The former owner of a fruit market in Melbourne and his company have been handed a record fine of $660,000 after ignoring warnings by the Fair Work Ombudsman and allowing an employee on a refugee visa to go weeks without pay.
The substantial penalty is the latest in a series of crackdowns on underpayments and exploitation of migrant workers by the FWO, which has also included enforcement action against Uber, 7-Eleven and Pizza Hut.
Abdulrahman Taleb, who owned and operated the Sunshine Fruit Market in Sunshine, has been has been penalised $16,020 and his company Mhoney Pty Ltd (Mhoney) was penalised $644,000 in the Federal Circuit Court.
The employee was an Afghani refugee who spoke little English. He was paid nothing for a number of weeks in early 2012. He was later paid a flat rate of $10 an hour to a maximum of $120 per day.
Under the General Retail Industry Award 2010, the employee should have been paid hourly rates of about $17 for normal hours, up to $35 on weekends and up to $43 on public holidays.
Moreover, the worker was not provided with the required meal breaks, despite sometimes working more than 12 hours a day. Mhoney also failed to pay un-taken annual leave or annual leave loading on the termination of the worker’s employment.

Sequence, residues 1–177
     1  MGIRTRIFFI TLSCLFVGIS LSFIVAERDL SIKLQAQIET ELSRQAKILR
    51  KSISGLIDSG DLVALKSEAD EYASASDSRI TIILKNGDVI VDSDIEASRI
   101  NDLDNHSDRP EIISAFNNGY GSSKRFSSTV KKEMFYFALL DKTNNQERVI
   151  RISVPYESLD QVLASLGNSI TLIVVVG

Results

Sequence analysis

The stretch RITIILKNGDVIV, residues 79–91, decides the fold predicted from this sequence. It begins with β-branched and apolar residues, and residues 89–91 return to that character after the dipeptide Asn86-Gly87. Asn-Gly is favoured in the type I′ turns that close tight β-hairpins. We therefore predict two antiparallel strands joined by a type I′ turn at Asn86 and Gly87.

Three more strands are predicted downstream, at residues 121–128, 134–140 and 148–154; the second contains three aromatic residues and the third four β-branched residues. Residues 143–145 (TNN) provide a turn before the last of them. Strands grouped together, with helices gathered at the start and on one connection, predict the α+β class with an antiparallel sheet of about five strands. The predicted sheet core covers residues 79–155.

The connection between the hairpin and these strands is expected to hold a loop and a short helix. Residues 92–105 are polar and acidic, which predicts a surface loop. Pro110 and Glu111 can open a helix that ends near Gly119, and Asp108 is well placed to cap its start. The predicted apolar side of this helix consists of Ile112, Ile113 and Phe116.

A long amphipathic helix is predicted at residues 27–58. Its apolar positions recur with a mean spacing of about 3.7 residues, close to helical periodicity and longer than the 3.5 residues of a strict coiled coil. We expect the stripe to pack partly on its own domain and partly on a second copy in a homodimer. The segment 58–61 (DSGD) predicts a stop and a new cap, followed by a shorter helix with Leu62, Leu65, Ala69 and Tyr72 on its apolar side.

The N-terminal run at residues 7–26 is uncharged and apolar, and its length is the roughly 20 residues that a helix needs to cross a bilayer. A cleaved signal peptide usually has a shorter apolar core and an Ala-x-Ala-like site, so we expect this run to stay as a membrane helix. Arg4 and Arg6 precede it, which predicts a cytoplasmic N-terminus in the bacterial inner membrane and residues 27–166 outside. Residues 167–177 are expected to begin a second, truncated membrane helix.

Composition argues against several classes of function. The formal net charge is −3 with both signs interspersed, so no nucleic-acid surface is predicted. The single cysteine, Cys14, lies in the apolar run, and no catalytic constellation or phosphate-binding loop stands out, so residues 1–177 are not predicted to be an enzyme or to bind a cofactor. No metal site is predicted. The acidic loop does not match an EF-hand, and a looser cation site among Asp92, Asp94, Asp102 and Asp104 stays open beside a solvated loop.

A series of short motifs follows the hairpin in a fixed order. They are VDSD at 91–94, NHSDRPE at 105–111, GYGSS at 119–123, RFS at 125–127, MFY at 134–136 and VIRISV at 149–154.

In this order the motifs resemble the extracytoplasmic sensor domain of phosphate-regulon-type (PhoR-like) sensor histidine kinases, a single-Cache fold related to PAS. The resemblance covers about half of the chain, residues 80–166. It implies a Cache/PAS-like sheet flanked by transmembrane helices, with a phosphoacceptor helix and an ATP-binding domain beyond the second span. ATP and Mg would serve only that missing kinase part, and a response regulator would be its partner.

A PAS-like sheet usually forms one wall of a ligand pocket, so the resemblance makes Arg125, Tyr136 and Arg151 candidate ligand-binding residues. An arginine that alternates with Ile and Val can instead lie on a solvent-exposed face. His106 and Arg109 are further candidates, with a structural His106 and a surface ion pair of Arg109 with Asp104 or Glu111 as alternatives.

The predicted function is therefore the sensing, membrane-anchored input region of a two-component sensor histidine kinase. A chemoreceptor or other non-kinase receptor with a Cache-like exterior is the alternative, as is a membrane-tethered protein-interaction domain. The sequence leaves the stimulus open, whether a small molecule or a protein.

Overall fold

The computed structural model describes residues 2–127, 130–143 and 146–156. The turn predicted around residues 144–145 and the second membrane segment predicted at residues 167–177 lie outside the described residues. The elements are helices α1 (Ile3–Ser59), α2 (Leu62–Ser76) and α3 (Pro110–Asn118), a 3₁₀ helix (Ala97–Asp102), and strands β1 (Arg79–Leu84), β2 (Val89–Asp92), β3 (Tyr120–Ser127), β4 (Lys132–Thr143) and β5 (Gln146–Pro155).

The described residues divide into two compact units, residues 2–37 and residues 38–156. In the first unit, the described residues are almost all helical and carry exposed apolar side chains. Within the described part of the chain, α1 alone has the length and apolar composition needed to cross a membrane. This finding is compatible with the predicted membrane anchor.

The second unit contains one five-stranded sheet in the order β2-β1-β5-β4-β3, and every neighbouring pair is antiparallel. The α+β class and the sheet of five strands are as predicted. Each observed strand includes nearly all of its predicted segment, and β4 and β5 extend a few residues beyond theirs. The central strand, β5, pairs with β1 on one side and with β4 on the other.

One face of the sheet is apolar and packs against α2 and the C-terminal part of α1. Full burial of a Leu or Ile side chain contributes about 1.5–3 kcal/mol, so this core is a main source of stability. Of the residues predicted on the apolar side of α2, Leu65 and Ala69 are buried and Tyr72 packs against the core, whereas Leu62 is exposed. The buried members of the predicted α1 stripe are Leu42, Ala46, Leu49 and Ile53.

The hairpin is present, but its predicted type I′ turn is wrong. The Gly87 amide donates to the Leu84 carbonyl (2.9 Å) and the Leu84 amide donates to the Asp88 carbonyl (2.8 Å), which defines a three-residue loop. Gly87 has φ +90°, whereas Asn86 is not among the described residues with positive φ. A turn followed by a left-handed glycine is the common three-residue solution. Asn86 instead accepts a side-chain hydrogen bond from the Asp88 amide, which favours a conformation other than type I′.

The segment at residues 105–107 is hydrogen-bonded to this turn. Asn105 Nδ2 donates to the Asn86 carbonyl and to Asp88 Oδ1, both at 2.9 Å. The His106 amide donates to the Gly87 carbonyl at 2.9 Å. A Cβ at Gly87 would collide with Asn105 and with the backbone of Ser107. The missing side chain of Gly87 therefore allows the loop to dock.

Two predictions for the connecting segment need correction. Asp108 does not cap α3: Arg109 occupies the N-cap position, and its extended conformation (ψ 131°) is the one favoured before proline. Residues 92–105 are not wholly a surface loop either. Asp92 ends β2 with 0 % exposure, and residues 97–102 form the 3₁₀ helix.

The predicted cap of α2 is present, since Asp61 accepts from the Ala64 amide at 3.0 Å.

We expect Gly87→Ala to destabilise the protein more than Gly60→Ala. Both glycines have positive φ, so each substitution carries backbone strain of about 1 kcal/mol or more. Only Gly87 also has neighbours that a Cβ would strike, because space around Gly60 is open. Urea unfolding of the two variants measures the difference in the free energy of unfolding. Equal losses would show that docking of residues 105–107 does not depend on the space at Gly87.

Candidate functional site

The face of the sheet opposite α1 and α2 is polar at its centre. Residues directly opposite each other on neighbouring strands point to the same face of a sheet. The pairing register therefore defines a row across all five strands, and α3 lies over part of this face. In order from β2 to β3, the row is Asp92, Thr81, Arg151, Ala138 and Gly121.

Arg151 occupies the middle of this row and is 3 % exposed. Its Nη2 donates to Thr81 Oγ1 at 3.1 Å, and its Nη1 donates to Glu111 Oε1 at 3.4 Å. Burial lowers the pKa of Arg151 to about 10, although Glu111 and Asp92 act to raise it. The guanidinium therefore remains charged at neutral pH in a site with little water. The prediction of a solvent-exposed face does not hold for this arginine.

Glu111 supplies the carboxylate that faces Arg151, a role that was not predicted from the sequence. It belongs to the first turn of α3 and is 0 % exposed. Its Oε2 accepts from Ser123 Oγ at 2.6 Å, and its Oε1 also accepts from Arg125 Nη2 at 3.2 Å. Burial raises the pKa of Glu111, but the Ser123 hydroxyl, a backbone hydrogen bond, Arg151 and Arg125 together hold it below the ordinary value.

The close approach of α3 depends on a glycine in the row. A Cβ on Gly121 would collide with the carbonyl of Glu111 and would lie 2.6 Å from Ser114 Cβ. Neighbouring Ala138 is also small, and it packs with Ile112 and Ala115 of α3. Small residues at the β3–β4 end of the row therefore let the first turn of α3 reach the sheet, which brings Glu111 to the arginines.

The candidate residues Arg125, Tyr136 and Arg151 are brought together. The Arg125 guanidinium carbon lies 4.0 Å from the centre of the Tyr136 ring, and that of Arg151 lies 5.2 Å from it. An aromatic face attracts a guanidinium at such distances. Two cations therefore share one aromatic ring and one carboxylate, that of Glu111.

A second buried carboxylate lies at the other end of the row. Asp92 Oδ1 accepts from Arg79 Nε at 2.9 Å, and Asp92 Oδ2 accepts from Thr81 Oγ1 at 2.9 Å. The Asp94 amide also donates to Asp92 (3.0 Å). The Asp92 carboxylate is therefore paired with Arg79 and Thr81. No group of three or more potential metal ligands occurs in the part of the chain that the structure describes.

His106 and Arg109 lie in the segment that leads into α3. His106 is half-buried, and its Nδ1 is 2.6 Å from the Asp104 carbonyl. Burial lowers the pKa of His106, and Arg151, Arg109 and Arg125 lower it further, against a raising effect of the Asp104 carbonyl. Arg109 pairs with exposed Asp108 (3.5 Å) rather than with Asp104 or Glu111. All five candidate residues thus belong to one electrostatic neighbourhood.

The Federal Circuit Court heard the company underpaid the worker a total of $25,588 for two periods of work, each of about two months, ending in April 2012 and January 2013.
Judge Philip Burchardt said the underpayments were so significant that “the total not paid to [the worker] was, in relative terms, enormous for such a short time”.
“I accept the submission of the [Ombudsman] that the way it worked out was that [the worker] was paid wages of between $3.49 and $9.29 per hour,” Judge Burchardt said.
“This was an egregious underpayment. It gave the respondents an unfair advantage in the competitive retail industry.”
What can your business learn from this?
Record penalties should serve as a warning to employers that those who exploit migrant workers face major financial consequences.
Vulnerable migrant workers such as refugees and young students or workers are often unaware of their minimum wages and entitlements however under Australian industrial relations law it is the employer’s responsibility to meet these requirements.
A statement by the Fair Work Ombudsman in relation to this case stated, “These new record penalties highlight how seriously the courts take unlawful behaviour which involves workers being taken advantage of and stripped of minimum wages and entitlements”.
The previous record penalties of $532,910 were secured by the FWO earlier this year against the former owner-operator of an Albury cafe and his company, Rubee Enterprises Pty Ltd for underpayment of migrant workers.
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